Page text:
Why I Love The Female Characters In The 100

With the end of Dystopian November in sight, I thought I’d repost this great insight into the female characters on The 100 from Shauna, who works on the show.

The 100 is a CW show that’s an adaptation of the Kass Morgan books. Whilst notably different from their source material, what’s interesting is the unusual diversity of female characters on offer, especially considering the storyworld is a matriarchy, something hardly ever seen in fiction.

The 100 TV show hasn’t been without its controversies – what’s new! – but what is interesting about it is the sheer variety of role functions here. Over to Shauna on why …

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First and foremost, I love the female characters on The 100 – all of them. Showrunner Jason Rothenberg and all of the writers from both seasons have put in an incredible amount of time and effort making these women as real, dynamic and 3-dimensional as any male character. They aren’t all the same, as so many women characters on other shows have been, and they aren’t all stereotypes, another pitfall of shows. They may start with qualities you’ve seen before, but the development and growth of each character has been organic and complex:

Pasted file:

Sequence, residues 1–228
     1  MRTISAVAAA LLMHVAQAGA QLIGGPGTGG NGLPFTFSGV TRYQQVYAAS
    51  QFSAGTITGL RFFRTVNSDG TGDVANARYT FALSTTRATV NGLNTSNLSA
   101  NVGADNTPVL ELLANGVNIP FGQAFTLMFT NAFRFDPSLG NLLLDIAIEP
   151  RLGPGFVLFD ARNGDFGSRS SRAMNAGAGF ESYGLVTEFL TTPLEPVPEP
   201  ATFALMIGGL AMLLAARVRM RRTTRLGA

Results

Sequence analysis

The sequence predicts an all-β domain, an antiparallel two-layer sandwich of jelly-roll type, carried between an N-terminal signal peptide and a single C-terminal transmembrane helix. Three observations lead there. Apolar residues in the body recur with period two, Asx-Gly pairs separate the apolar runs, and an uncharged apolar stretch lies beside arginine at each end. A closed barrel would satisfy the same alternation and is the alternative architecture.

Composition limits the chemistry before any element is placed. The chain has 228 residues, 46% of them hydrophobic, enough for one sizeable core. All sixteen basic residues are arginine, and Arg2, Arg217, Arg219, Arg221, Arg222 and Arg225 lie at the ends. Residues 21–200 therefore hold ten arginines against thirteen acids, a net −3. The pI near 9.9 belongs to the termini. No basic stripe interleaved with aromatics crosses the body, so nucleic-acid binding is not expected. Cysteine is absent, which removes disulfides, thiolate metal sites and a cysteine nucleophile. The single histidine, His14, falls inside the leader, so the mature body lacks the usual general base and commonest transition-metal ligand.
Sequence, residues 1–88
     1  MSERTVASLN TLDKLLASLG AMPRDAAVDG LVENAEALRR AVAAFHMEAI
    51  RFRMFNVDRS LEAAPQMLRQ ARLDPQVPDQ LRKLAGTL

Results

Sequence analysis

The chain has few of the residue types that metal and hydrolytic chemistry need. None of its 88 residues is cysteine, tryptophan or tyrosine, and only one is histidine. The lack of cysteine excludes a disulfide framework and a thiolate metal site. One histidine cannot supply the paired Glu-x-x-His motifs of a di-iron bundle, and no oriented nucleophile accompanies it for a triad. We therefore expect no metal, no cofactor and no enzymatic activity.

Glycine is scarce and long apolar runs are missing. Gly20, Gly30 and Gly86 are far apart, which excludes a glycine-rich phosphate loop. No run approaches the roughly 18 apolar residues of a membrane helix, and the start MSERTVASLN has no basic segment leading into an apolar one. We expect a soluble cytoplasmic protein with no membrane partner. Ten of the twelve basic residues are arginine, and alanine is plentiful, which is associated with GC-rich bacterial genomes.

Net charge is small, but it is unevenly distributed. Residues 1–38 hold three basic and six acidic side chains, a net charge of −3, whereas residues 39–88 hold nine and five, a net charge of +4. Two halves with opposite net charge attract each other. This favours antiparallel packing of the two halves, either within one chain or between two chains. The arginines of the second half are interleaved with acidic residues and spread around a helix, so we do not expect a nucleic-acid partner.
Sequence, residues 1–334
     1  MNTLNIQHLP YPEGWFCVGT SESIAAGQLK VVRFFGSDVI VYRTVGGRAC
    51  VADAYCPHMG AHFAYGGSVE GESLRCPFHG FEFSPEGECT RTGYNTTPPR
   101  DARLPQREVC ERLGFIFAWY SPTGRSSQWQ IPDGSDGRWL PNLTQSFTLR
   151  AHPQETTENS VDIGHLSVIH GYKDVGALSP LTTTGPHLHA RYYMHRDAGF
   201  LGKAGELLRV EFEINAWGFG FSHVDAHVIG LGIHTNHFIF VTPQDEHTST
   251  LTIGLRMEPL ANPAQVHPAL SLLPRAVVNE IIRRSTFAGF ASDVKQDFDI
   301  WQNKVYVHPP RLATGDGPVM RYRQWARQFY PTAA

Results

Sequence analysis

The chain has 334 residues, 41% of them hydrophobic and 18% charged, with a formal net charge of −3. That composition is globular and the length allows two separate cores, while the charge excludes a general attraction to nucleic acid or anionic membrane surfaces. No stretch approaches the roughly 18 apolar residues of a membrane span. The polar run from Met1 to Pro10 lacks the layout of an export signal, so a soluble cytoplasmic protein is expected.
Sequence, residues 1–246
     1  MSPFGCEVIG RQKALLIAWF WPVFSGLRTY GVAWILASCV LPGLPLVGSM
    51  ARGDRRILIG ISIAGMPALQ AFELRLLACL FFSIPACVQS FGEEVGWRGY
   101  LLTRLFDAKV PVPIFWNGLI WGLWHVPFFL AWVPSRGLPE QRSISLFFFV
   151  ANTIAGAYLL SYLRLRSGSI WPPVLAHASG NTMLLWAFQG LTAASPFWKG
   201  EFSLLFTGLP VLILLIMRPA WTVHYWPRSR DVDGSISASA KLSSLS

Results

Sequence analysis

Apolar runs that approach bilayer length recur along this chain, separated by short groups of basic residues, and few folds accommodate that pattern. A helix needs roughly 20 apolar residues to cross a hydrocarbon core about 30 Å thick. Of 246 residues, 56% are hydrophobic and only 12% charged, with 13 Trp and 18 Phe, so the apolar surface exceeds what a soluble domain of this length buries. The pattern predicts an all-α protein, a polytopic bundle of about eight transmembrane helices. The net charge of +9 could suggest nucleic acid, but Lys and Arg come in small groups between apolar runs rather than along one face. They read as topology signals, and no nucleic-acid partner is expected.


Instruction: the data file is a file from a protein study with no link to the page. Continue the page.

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Clarke – the natural-born leader, who started as tentative and reluctant and grew to be determined and deliberate, but who still makes mistakes.

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Raven – the genius, but not in a “I have to wear glasses to show I’m the smart one” way. She’s gutsy, driven and stubborn.

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Octavia – the girl who was hidden away her entire life until she got to Earth, the first time she’s been truly free and able to make her own decisions, whether they are good or bad. She’s growing into a warrior, a fierce one at that and is finding her identity.

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Abby – tough, strong, a doctor, a mother, a leader. She shows how hard it is to juggle all of those roles, and the difficulty in pushing aside one role to focus on another.

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Anya, Lexa, Indra – leaders, warriors, treated as equally as any man, because they have earned their place in a society where gender is irrelevant to the ability to survive and lead.

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Even Maya, the girl in the mountain in series 2, who has lived her entire life underground, she slowly learns what her people have been doing and the horror of it changes her, provokes her to action.

I am proud to have worked on a show that has presented the reality we want to see, where it doesn’t matter what gender, what age, what race, what class, what sexuality you are – all that matters is that you can do your job and do it well. That’s equality.

This post originally appeared on The Decision Book Series tumblr. For more on female characters, check out Bang2write or click the pic below. 

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